Monday, August 4, 2008

The role of skills coaches

Exchanged emails earlier today with a smart young recruiting coordinator at a Big East school. He asked a couple of questions regarding skills coaching that I thought were interesting:

1. Who are the best guys teaching skill work at any level?

That's a tough question as there are some great ones out there. Dave Hoopla is a great skills coach. I also think NBA scout Herb Livsey, Tates Locke, Pete Newell, Kevin Eastman, and Tim Grgurich do a great job. And Navy's Billy Lang is also an excellent teacher.

2. What are your thoughts on the longevity of this field of coaching?

Coaching's a tough profession -- not only on the coach, but on his family. I loved growing up with a father who was a coach, but not all sons of coaches feel that way. It also takes a special spouse to put up with the coaching lifestyle.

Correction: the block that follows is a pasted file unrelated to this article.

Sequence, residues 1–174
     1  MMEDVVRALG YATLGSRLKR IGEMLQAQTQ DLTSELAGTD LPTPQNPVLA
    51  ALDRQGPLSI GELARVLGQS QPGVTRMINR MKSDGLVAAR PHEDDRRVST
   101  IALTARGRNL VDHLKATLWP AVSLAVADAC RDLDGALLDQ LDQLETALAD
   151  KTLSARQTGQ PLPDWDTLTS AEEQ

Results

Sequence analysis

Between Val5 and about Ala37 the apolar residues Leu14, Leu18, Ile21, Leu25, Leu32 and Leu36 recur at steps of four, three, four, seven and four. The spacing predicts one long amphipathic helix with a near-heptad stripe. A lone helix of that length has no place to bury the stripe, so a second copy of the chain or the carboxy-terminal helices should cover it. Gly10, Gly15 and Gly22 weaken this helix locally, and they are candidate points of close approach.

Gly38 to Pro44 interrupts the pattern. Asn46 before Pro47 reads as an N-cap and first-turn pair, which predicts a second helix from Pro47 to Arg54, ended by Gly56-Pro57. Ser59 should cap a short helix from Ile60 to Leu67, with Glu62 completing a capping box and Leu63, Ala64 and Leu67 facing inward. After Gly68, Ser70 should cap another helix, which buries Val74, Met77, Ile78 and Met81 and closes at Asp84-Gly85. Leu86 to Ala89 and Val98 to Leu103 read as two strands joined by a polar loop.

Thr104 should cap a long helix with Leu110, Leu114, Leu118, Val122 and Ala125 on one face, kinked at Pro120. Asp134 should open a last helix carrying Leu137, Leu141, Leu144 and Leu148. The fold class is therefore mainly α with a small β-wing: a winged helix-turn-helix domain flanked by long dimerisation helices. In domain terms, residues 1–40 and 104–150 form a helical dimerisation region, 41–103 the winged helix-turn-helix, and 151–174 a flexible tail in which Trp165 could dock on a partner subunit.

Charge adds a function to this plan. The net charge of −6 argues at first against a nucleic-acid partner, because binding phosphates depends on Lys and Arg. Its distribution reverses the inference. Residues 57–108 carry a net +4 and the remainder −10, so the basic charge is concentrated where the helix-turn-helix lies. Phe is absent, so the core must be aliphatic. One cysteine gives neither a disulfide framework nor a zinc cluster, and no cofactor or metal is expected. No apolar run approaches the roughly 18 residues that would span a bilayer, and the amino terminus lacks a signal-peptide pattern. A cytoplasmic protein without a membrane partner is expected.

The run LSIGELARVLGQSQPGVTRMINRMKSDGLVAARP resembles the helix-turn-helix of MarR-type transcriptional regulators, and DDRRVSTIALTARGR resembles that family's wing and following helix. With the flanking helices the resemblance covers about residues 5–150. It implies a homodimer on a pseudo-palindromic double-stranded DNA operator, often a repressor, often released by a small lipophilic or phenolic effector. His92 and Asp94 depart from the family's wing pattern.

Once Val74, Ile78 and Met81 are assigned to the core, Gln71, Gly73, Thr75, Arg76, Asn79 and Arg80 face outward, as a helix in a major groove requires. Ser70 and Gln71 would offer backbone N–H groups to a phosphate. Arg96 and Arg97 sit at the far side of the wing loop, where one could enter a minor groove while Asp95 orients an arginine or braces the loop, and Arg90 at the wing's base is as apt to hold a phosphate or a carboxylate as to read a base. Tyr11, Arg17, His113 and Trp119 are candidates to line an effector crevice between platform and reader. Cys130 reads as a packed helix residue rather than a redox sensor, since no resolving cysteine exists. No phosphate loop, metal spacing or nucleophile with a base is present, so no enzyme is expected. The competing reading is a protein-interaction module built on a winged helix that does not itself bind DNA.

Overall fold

3. Are coaches at all levels neglecting skills that much where we need this new faction of coaching in such abundance?

I believe a good coach should be able to coach offense and defense. He should also be able to develop (i.e., teach) players.

But today it's about "specialization," and that goes for the coaching profession, as well. And it's not only coaches. Most players today have a specialty, too. Instead of guards we have scoring point guards, pass-first point guards, up-tempo points, and big points, etc. It's that way in baseball, too, with starting pitchers, middle relievers, set-up guys, closers, etc.

I like guys who specialize in basketball, guys who are well-rounded. At the same time, I understand the importance (and tactical advantage) of having really deep knowledge in a particular area.